Saturday, December 12, 2020

Conformance Metrics (Metrics Episode 13)

Metrics that evaluate progress in conforming to an appropriate safety standard can help track safety during development. Beware of weak conformance claims such as only hardware, but not software, conforms to a safety standard.

Conformance metrics have to do with how extensively your system conforms to a safety standard. 

A typical software or systems safety standard has a large number of requirements to meet the standard, with each requirement often called clauses. An example of a clause might be something like "all hazards shall be identified" and another clause might be "all identified hazard shall be mitigated."  (Strictly speaking a clause is typically a numbered statement in the standard in the form of a "shall" requirement that usually has a lot more words in it than those simplified examples.)

There are often extensive tables of engineering techniques or technical mitigation measures that need to be done based on the risk presented by each hazard. For example, mitigating a low risk hazard might just need normal software quality practices, while a life critical hazard might need dozens or hundreds of very specific safety and software quality techniques to make sure the software is not going to fail in use. The higher the risk, the more table entries need to be performed in design validation and deployment.

The simplest metric related to a safety standard is as simple yes/no question: Do you actually conform to the standard? 

However, there are nuances that matter. Conforming to a standard might mean a lot less than you might think for a number of reasons. So one way to measure the value of that conformance statement is to ask about the scope of the conformance and any assessment that was performed to confirm the conformance. For example, is a conformance just hardware components and not software also, or is it both hardware and software? It’s fairly common to see claims of conformance to an appropriate safety standard that only covered the hardware, and that’s a problem if a lot of the safety critical functionality is actually in the software.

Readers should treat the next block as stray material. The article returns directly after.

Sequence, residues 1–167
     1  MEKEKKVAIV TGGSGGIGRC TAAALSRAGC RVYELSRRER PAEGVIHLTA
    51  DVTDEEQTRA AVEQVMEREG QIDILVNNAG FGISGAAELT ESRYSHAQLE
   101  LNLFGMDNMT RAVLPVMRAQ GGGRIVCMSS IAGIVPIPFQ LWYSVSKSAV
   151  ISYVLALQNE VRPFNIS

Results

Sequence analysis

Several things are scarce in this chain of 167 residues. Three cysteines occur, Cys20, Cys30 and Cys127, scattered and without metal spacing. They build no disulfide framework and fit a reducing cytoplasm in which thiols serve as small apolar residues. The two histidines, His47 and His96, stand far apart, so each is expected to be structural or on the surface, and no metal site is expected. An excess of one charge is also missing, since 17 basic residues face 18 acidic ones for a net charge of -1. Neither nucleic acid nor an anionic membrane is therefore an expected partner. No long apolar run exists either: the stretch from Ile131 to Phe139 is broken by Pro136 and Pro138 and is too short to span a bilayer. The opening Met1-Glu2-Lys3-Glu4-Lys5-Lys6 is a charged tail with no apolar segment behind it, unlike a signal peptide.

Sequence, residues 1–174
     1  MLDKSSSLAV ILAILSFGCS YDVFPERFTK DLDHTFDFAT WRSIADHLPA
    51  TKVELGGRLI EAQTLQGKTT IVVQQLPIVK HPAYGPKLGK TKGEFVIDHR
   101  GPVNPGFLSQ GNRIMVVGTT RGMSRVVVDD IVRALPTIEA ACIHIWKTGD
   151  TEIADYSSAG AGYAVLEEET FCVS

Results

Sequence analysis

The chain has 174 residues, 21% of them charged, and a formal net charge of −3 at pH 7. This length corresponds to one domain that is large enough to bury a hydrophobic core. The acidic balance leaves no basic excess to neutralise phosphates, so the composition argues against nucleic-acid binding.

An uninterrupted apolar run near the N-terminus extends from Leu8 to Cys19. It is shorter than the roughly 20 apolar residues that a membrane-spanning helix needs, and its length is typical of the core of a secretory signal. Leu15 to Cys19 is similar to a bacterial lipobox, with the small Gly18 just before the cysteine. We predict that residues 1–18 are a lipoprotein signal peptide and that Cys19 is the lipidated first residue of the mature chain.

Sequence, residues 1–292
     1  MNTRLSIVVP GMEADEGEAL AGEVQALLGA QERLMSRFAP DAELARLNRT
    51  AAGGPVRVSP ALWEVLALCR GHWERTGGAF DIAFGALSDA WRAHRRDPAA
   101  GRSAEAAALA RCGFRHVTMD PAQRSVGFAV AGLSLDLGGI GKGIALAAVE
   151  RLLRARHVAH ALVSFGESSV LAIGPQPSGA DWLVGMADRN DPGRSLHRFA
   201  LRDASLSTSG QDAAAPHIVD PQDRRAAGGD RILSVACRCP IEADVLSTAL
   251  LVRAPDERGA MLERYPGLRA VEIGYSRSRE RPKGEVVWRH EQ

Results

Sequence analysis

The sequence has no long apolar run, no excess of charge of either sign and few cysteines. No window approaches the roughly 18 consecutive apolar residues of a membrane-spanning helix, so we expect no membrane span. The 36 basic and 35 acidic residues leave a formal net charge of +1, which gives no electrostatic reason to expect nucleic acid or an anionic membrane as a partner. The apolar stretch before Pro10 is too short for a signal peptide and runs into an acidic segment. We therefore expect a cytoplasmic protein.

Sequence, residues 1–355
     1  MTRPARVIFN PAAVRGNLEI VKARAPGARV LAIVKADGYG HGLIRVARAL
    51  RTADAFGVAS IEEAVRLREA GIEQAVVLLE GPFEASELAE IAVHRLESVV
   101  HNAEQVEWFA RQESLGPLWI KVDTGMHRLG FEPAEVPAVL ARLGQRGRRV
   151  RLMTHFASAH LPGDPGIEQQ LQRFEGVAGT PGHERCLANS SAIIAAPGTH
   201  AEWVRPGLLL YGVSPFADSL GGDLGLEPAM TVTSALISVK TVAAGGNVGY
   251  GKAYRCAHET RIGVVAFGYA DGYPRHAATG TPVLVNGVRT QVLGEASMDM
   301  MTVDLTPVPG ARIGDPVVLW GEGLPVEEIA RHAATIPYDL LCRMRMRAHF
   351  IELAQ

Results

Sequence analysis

If it does cover the software, what scope? Is it just the self test software that exercises the hardware (again, a common conformance claim that omits important aspects of the product)? Does it include the operating system? Does it include all the application software that’s relevant to safety? What actually is the claim of conformance be made on? Is it just a single component within a very large system? Is it a subsystem? Is it entire vehicle? Does it cover both the vehicle and its cloud infrastructure and the communications to the cloud? Does it cover the system used to collect training data that is assumed to be accurate to create a safety critical machine learning based system? And so on. So if you see a claim of conformance, be sure to ask what exactly the claim applies to you because it might not be everything that matters for safety.

Also conformance can have different levels of credibility ranging from – well it’s "in the spirit of the standard."  Or "we use an internal standard that we think is equivalent to this international standard." Or "our engineering team decided we think we meet it." Or "a team inside our company thinks we meet it but they report to the engineering manager so there’s pressure upon them to say yes." Or "conformance evaluation is done by a robustly separated group inside our company." Or "conformance evaluation is done via qualified external assessment with a solid track record for technical integrity." 

Depending on the system, any one of these categories might be appropriate. But for life critical systems, you need as much independence and actual standards conformance as you can get. If you hear a claim for conformance it’s reasonable ask: well, how do you know you conform to the extent that matters, and is the group assessing conformance independent enough and credible enough for this particular application?